The other side of the Emergency Contraception (EC) story.
In Jamaica, the protocol sold under the name of “Postinor 2” is available Over the Counter (OTC). There is concern that the OTC EC is being over used in this country with a high HIV/AIDs infection rate.
And then, we find out that the girls in Jamaica would rather have an abortion, even a self induced abortion, than to use the EC.
From the June 26, 2006 Jamaica Observer:
Kingston (Panos) – Despite the introduction of the Emergency Contraceptive Pill (ECP) Postinor 2 in Jamaica three years ago, research has shown that the demand for the drug is low, as some women prefer induced abortions.
The findings emerged from a recent study on the demand for emergency contraception among adolescents prepared for the Ministry of Health’s Family Health Services by Hope Enterprises Limited. It suggested that abortions among adolescents range from a conservative 1,350 to a possible maximum of 4,912 per year. It also revealed that young women aged 15 to 19 and particularly those aged 15 to 16, have a relatively high incidence of abortions compared to older teens and adults.
The study forms part of a joint programme in sexual and reproductive health established by the government, the European Council and the United Nations Population Fund.
In presenting the study at a seminar recently, Maxine Wedderburn from Hope, a research-based organisation, noted that although Postinor 2 was readily available and accessible, adolescents refused to take the drug.
She pointed out that they opted to undergo induced abortions, which is illegal in Jamaica. “What is interesting to note is that although 62 per cent of the adolescents interviewed during our research have heard of Postinor 2 and 90 per cent know where to access it, they still see it as an ‘abortion agent’ and stigmatises those who use it,” said Wedderburn. This could be one reason for its under-usage in Jamaica. Postinor 2 was gazetted by the government as an over-the-counter alternative to abortion.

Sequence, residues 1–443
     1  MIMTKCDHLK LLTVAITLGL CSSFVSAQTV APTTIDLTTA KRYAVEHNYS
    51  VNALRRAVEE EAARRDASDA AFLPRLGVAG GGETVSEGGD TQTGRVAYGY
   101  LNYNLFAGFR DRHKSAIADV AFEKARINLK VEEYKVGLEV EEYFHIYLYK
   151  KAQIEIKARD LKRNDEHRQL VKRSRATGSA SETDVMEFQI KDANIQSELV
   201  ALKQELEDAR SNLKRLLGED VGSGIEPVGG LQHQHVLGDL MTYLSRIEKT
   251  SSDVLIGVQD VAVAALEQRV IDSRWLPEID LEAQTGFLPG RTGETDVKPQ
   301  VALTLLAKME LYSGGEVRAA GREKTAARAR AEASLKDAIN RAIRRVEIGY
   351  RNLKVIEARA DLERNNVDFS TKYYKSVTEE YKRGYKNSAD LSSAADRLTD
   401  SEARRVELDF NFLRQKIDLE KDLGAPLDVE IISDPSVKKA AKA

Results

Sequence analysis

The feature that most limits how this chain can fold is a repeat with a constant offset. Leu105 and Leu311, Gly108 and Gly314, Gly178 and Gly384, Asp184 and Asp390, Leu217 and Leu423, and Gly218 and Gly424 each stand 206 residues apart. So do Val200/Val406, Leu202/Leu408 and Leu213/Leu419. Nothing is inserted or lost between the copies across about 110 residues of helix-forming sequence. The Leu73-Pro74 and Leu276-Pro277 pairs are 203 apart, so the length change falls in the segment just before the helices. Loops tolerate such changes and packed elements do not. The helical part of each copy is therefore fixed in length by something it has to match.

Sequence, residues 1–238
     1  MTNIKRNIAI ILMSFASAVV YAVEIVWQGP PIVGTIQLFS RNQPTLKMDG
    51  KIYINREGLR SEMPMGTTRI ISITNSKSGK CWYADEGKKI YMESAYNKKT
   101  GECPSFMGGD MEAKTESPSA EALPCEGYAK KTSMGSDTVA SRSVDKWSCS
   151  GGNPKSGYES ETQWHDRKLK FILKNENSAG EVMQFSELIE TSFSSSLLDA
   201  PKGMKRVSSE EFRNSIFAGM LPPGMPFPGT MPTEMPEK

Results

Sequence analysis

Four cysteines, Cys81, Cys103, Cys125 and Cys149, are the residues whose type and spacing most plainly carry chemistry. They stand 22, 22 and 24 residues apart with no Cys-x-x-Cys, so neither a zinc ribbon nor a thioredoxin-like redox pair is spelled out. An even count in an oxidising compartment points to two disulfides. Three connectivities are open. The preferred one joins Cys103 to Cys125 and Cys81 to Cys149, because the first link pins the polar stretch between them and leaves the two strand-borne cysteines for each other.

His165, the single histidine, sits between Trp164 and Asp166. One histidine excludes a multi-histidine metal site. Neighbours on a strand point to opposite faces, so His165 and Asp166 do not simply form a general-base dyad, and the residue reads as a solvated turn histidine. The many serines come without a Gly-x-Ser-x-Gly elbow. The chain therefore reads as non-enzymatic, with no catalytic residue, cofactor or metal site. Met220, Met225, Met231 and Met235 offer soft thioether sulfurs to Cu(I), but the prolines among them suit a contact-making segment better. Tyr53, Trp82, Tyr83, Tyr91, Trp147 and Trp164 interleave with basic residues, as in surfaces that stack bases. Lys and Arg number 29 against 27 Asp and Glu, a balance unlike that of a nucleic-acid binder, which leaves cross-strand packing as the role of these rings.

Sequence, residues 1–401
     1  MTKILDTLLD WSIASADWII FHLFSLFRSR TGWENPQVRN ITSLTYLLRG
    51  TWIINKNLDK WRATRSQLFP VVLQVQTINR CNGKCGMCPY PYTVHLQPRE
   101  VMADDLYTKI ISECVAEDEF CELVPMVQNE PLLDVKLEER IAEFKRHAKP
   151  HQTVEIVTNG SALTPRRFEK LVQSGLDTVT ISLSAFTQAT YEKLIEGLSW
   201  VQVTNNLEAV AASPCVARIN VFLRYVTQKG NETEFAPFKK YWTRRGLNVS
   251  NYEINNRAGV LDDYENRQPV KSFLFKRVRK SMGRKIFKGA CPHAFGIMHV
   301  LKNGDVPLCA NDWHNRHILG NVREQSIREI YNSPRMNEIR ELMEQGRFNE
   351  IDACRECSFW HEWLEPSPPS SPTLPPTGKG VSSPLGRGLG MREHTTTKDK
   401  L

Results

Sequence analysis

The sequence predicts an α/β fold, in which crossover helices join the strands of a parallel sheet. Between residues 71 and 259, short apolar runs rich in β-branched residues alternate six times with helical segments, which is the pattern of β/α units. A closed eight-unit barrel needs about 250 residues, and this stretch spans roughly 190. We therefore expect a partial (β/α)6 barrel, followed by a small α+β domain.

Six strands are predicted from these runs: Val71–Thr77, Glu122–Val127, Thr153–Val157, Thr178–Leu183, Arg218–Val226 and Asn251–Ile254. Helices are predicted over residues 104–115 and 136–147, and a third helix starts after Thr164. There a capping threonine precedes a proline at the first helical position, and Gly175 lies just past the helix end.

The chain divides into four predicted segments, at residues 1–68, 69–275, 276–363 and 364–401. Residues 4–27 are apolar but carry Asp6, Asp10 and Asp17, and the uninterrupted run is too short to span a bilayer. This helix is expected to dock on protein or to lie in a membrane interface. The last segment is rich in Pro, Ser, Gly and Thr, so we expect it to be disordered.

She further noted that the current use of the ECP is under 20 per cent. She added that the statistics clearly indicated the need for the drug especially among adolescents 15 to 19 years old who are most likely to be involved in casual sex or coerced into sex which result in unwanted pregnancies.
“There is usually a significant amount of money involved and it can be very stressful for the young mother. There is, therefore, an obvious need for aggressive marketing of ECP to the target group most likely to need it as an alternative to abortion,” added Wedderburn.
It has also been noted that some adolescents, who feared going to medical facilities, opted for risky, self-induced abortions using a number of methods, such as Pepsi and Excedrin, coat hangers and jumping from high places.
Wedderburn said that these occurrences were very worrying, especially in view of the fact that ECP is available at no cost at health centres.
“The Ministry of Health has been using the media to spread the news about Postinor 2, but obviously more marketing of the drug needs to be done. “Based on our own findings at the Family Planning Board, we realise that pharmacies are concerned about the abuse of Postinor 2 and so they do not encourage print materials on the drug near their dispensary counters,” she explained.